Are you the person who never wanted to leave the place you were born and/or raised? Or were you one who knew you were inevitably going to leave? Did your family ever share stories of why your family left the old world or moved from one state to another or migrated west?
I come from a very long line of people who leave. Wanderers. There are people in my immediate family who are not wanderers: people like my dad, who was born in Washington, and with the exception of childhood moves with his parents, has remained in the Washington area most of his life; or my dad’s maternal line, who mostly stayed in Washington as well; and my brother. Specifically, I come from a line of women who leave, and my daughter is continuing the tradition. I also married a wanderer who descends from wanderers.
I never really thought about it too much until I started working on my genealogy lines. It was then that I discovered it just might be in my DNA. Going way back, my ancestors picked up and moved.
Almost all of the time, the reasons people left were income/jobs, land opportunities, political climate, and religious persecution. I think the first two are pretty relevant today.
When I first left Virginia for California in 1988, most people thought I was crazy. I moved to Northern California, where I knew NO ONE. Not one soul. I took a job and just left. I didn’t think twice about it. I felt compelled to leave, and had felt that way since I was young. I have never second guessed my decision, though periodically I do entertain the idea of moving back because I miss my family and friends. Especially now that my daughter lives there. There were times when I felt like a freak.
I often wonder if my ancestors had similar motivations? Why would my 6th great grandfather, born and raised northwest of Boston, who lived in New England most of his adult life, leave for Ohio via New York at the age of 60 and ultimately die in Detroit? I’ve found his narratives and he indicated that things got rough. Some of that rough was political (he fought in the Revolutionary War–and was a member of the Boston Tea Party– and the War of 1812, among others), and other “rough” was financial. I will be writing about him all by himself at a later date, because my journey with him and his descendants has taken me places I never imagined. I’ve met some wonderful people in Massachusetts, New York and Wisconsin on my quest, and I will tell that story soon. Thompson Maxwell is probably my favorite research subject. I am fairly certain that this has to do with the fact that he’s the one ancestor I’ve researched without my dad’s help.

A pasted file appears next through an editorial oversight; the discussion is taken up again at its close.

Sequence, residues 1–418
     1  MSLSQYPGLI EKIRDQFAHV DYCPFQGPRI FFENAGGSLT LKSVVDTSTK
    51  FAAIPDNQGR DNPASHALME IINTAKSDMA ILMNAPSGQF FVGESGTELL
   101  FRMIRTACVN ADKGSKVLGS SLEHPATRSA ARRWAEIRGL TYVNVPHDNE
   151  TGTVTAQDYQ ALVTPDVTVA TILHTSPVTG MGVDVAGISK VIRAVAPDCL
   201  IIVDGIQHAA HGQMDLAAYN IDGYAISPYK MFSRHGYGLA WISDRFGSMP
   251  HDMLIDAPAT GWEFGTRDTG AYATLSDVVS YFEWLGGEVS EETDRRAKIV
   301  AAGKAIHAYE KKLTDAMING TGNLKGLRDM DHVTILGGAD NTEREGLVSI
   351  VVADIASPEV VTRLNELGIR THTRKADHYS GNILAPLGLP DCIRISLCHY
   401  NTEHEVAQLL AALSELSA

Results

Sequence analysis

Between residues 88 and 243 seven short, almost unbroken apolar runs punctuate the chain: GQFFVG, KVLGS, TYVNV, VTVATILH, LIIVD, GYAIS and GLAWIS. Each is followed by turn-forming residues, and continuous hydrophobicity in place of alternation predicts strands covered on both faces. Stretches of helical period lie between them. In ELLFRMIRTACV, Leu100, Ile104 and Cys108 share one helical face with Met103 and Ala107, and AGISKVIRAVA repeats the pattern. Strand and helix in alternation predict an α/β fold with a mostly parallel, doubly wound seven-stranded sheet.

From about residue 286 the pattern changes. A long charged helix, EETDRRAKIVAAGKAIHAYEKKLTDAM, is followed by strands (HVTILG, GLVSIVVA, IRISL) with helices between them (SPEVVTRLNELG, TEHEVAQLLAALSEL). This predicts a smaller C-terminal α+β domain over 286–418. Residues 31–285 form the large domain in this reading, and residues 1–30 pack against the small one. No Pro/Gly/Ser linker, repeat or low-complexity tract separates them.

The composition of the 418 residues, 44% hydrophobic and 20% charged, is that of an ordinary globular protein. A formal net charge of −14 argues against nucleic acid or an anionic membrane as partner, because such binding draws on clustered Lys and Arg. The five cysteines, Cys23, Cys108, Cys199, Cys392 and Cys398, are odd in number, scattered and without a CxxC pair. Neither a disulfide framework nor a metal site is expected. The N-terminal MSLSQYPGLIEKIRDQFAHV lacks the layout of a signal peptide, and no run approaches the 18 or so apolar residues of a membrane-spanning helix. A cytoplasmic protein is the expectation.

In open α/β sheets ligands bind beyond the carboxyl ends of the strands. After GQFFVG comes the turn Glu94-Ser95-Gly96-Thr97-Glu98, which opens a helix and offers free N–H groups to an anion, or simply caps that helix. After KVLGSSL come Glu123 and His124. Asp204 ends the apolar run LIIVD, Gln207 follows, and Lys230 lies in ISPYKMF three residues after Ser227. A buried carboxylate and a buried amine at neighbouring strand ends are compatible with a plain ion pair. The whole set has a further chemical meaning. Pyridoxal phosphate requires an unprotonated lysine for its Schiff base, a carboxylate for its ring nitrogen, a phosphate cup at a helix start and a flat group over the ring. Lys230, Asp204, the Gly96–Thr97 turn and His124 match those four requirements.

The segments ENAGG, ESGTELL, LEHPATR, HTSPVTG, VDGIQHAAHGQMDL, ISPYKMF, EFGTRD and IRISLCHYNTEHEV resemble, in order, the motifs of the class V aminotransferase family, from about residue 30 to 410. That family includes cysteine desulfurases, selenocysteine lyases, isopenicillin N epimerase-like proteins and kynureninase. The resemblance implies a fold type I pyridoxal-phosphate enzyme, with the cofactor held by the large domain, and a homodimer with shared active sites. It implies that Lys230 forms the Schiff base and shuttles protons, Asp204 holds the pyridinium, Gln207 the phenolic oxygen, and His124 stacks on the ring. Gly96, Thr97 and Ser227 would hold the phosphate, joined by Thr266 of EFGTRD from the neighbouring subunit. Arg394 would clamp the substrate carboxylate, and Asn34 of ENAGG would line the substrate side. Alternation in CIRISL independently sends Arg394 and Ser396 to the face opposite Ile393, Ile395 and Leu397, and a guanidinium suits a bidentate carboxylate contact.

I wonder why his wife, Sibbill Wyman Maxwell, who was born in Billerica and lived in New England all of her life as well, would agree to leave her entire family at the age of 67 and head to Ohio? A place she had never seen? I wonder how her family felt when she died in Ohio and was not buried with her people? That trip had to be difficult, especially for seniors.
Last summer, Valerie and I flew back east to spend the 4th of July with Victoria, who was living in Pittsfield, Massachusetts, at the time. We flew to Albany and then drove over the mountain. It’s a beautiful 45-minute drive. On that drive, you might blink and not see the sign for Stephentown (NY), the birthplace of my 4th great grandmother, who married the grandson of Thompson and Sibbill Maxwell. I was traipsing the path that my ancestors did. The funny thing is that 3 years ago, when Val and I drove that same road with Vic, I had absolutely no idea that my ancestral past and her new home were very well acquainted.
Vic knew I wanted to research while I was there, so she indulged me by taking off and driving us to Ashfield, Buckland and Chesterfield. We stood on the ground that my 6th great grandparents and their children and grandchildren knew very well. The landscape is stunning. Victoria is quick to remind me that winter is horrible there. I know! But as we had lunch in Shelburne Falls and looked around, I asked her if she could imagine putting all of her belongings in a covered wagon, and making a move from Buckland to Albany and beyond? We both decided that our ancestors would be disappointed in our wimpiness (is that a word?). We wouldn’t last more than 3 days in the conditions in which they did.
Before everyone agrees with me on that point, let me say I think our ancestors would be absolutely overwhelmed at the pace of our lives in 2019. I don’t think they would be able to fare well with all the distractions that are in our faces on a daily basis either.
One side note: people who live in Massachusetts celebrate the 4th of July like no others I’ve ever seen. Their outward displays of patriotism are impressive. These people deck out their homes, streets, churches, government buildings and businesses. It was so fun to see these little townships put their celebrations on display. I digress.
I’ve been helping one of my oldest and dearest friends research her lines back to the Revolutionary War for her DAR application. While she has mainly lived in Northern Virginia, her parents and ancestors were nesters in Pennsylvania. Her father’s people were eastern European immigrants who found work in the coal mines. Her mother’s people were German immigrants who were mostly farmers. While she lamented that they were “boring”, I quickly corrected her: “They’re nesters! Nesters have their own contributions, and they sure make it a lot easier for me to research them!” I hope she takes solace in the fact that her people have left an indelible mark on the land their forefathers plowed, and that’s something to admire. She’s very connected with them, and I believe this is why she’s never had the slightest itch to leave. Which is a decision I hope she doesn’t regret either.
I now have a deep appreciation for the choices our ancestors made, both nesters and wanderers.